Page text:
“It’s different because they run a pro-style offense, which is similar to our offense,” senior outside linebacker Chuks Amaechi said. “We got a good look at that during fall camp and we see it everyday during practice when we go against our offense. It’s going to be nitty-gritty game in between the tackles, and we like that.”

Focus despite short week challenges

Georgia traveled to Columbia to play South Carolina on a Sunday, so now the Bulldogs have been tasked with preparing for their next opponent with a day less to work with. The Bulldogs used Monday as a usual Sunday, in which they only watch film and strategize without spending time on the practice field.

Therefore, Georgia didn’t have the opportunity to hit the practice field until Tuesday, but the players say they haven’t been fazed with the challenge that lies.

“It’s different, but it’s just another week,” sophomore inside linebacker Natrez Patrick said. “Tuesday and Wednesday are our tough days and we have a plan for this week.”

Smart elaborated and said that no major distractions lie, just a few technicalities are present in which the team is using every free moment in order to solve those issues.

“I’d just say longer hours for the coaches, making decisions a little quicker than you’re comfortable with,” Smart said. “You’ve got to move a little quicker. We started on the bus back on Vanderbilt and used those three hours. As far as the kids go, we try to make it as normal a week (as we can).”

It will be seen as to whether the short week has an effect on Georgia’s play on Saturday, however the Bulldogs must shake off the rust if any is present in order to be victorious.

Capitalize off of turnovers

Georgia’s defense has been strong in forcing turnovers by their opposition as the turnover margin currently sits at +5. However, the Bulldogs can’t seem to convert off of those opposing miscues, with only 30 points scored and 15 turnovers forced.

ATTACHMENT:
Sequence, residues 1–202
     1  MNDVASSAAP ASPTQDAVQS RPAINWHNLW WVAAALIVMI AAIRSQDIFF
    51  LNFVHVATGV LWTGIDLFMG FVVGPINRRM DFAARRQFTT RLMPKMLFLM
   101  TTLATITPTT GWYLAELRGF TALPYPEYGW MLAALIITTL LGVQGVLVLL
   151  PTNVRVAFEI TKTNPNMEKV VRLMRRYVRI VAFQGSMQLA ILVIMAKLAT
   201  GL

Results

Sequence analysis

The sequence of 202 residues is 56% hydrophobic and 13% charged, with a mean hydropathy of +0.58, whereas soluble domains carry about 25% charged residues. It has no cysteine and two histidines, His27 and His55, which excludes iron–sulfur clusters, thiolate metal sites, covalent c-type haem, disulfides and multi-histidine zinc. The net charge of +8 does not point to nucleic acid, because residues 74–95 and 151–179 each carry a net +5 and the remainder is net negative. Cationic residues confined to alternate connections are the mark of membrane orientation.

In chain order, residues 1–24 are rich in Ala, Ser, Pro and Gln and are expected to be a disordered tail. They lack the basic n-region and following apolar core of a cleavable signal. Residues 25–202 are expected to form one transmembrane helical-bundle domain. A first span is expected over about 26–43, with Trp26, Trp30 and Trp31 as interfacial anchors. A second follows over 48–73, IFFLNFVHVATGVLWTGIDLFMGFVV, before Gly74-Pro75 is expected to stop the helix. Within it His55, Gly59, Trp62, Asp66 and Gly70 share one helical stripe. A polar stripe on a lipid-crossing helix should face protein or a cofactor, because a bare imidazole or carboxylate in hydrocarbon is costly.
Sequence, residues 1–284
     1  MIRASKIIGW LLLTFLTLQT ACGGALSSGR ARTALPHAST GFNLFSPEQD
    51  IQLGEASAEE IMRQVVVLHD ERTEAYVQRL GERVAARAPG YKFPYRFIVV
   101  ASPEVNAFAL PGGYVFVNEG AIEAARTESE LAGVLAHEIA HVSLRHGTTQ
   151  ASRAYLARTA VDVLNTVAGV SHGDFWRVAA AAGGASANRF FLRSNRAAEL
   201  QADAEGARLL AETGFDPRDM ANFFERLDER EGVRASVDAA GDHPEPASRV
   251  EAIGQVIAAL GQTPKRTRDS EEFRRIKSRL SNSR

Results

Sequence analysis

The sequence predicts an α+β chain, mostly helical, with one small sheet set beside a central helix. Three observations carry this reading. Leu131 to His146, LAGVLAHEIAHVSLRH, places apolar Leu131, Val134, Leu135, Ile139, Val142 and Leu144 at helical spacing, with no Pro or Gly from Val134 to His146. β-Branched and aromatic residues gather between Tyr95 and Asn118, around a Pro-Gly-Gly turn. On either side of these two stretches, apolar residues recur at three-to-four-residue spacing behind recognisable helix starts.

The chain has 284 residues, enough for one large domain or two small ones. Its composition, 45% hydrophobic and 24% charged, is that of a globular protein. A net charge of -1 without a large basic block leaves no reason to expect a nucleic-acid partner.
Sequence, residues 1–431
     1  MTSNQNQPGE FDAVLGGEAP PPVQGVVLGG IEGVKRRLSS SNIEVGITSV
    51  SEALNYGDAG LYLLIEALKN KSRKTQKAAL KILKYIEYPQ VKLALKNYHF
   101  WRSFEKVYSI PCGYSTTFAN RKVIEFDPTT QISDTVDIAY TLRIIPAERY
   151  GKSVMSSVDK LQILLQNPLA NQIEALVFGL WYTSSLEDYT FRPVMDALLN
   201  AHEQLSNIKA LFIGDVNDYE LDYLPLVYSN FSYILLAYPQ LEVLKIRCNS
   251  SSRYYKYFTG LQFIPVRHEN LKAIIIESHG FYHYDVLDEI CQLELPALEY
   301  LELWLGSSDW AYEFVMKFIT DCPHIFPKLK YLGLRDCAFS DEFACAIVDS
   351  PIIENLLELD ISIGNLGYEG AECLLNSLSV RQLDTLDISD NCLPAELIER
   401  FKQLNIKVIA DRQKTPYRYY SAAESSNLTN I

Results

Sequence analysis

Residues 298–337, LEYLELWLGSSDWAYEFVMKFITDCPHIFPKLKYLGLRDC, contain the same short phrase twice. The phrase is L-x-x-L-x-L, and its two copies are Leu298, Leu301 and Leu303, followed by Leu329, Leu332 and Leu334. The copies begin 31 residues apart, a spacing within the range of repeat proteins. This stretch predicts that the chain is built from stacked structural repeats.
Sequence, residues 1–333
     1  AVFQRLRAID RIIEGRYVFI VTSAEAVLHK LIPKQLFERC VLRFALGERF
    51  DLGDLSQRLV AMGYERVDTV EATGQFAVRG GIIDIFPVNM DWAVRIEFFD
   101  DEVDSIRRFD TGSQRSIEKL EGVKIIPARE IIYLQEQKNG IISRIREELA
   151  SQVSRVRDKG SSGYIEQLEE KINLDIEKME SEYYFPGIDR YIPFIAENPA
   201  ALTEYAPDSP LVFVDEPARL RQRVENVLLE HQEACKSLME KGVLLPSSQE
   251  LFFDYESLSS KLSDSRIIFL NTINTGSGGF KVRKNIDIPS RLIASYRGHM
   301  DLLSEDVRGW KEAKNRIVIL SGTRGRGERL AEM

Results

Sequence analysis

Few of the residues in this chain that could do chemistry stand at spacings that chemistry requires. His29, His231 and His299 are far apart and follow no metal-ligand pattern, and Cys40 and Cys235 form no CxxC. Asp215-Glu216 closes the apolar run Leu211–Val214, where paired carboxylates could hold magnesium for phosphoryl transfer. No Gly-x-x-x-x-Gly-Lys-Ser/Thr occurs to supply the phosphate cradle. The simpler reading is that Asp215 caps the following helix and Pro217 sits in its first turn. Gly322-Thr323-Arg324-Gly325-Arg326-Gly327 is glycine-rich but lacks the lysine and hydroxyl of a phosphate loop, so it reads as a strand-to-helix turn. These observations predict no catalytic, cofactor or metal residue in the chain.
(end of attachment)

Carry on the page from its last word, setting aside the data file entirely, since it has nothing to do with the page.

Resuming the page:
Needless to say, if Georgia wants to reach its goals this season, that must be cleaned up. The inability to make use of those miscues was evident in the games against Missouri, in which the Bulldogs didn’t score any points off of five opposing turnovers, and could only muster seven points on three turnovers a week ago against South Carolina.

Smart said the formula is simply put, but it’s not easy for it to happen.

“Execute. You have to execute in the red area,” Smart said. “We talk really hard about sudden change, I think everybody in the country does. It’s not one remedy. If we could remedy it I promise you we’d be selling that remedy and we’d be giving it to everybody. It comes down to execution.”

Improvement from Eason

Jacob Eason struggled on Sunday against the Gamecocks to say the least, recording five completions and 29 passing yards. Eason’s season has been up-and-down to this point in the season, as expected by a freshman, but it’s time for a good performance again in order for his team to beat Vanderbilt.

Facing a Vanderbilt defense that is stout in the run game with the talents of juniors Zach Cunningham and Oren Burks, finding success through the air is crucial for the Bulldogs. And Eason continues to improve, he’s always got room to grow.

“He’s got to be more exact in reading coverage,” Smart said. He’s got to be able to communicate a little better. All of those things have been a work in progress since he got here. It’s not like you’re saying ‘Oh, this is what he’s not good at.’ This is what he’s got to improve on. I don’t think anybody on our team can’t improve, including me. We’re trying to improve everybody. It’s just he’s at a position that gets a lot more magnified.

The passing game for Georgia will be one of the biggest keys to a win. If Georgia’s passing game isn’t actively producing, this game could be more troublesome for Smart’s team than some think.